Speaker: Amelia Ying Qin, An Wang Post Doctoral Fellow, Fairbank Center for Chinese Studies
This study takes two different approaches—close and distant readings—to the hidden patterns in two anecdote collections. The Songchuang zalu 松牕雜錄 (Miscellaneous Notes under the Pine Window) is a small Tang 唐 (618-907) collection of sixteen anecdotes that claims its accounts are both “particularly unusual” 特異 and “definitely true” 必實. Close reading reveals it to be a text containing hidden structures with an emphasis on “the unusual” as a concept bearing discursive weight for the purpose of subtle political criticism. The intertwined ideas of unusualness and truthfulness define each other and form a discourse of “the unusual” that provides an interpretive framework for the collection’s core anecdotes. These accounts, when read closely within this framework, point to signs that foreshadow the Tang’s decline while voicing concerns over its end and directing muted criticism at the irresponsible Tang rulers. The Tang yulin 唐語林 (Forest of Conversations on the Tang), on the other hand, is a collection of over eleven hundred anecdotes about Tang historical figures, events, and customs compiled during the Northern Song 北宋 (960-1127). Its contents were selectively recycled from fifty or so earlier miscellanies of various sizes, and both the content and structure of the collection suffered from a hectic textual history of loss and restoration. To examine a text of this nature and size, this study experiments with the approach of distant reading to explore potential patterns in its content, structure, and selective use of source material. In juxtaposing these two texts examined with different methods, the speaker hopes to reflect upon the mercurial and ephemeral nature of anecdotal memories of the past, as well as the possible ways of reading and understanding such memories.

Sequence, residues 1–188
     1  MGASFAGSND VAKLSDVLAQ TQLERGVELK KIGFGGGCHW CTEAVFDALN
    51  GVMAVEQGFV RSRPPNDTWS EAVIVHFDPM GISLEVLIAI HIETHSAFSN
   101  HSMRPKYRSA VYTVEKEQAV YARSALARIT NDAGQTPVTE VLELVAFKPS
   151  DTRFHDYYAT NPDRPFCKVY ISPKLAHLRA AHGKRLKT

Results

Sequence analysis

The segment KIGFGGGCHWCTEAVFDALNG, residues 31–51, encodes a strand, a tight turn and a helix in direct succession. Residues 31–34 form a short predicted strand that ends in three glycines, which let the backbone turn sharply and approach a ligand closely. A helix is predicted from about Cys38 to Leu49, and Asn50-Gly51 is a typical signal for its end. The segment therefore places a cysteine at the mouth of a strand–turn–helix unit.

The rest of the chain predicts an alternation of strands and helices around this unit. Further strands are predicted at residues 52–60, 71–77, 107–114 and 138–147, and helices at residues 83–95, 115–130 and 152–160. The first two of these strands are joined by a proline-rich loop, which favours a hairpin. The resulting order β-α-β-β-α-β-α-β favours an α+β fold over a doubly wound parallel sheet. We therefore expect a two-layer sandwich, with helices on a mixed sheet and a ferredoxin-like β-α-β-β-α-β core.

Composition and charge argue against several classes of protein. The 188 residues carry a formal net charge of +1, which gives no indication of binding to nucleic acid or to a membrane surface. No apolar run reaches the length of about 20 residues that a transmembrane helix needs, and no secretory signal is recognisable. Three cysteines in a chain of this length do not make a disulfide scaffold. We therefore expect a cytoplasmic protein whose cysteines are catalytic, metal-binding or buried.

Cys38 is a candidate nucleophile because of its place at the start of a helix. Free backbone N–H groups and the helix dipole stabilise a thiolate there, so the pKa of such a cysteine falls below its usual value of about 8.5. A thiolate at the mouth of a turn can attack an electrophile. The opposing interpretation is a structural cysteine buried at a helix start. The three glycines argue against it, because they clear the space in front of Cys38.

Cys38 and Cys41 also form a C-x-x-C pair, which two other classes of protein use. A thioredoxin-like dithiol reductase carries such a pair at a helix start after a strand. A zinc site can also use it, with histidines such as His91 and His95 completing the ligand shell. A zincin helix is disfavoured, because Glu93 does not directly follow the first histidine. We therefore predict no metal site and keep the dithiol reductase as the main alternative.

Amelia Ying Qin graduated from the University of Wisconsin-Madison, with a Ph.D. in Chinese literature (2013) from the Department of East Asian Languages and Literature and an M.A. (2010) from the School of Library and Information Studies. Prior to her study in Madison, she also completed degrees at the University of Rhode Island and Fudan University in Shanghai, China. Her current research interest is in the relationship and dynamics between cultural memory and historiography in Chinese anecdotal and historical narratives during the time period of 600-1300. She is also the translator of two chapters of The Grand Scribe’s Records. Her teaching interests include Chinese language of all levels, survey of Chinese literature, special topics in modern and classical Chinese literature, as well as comparative topics in East Asian literature and cultures.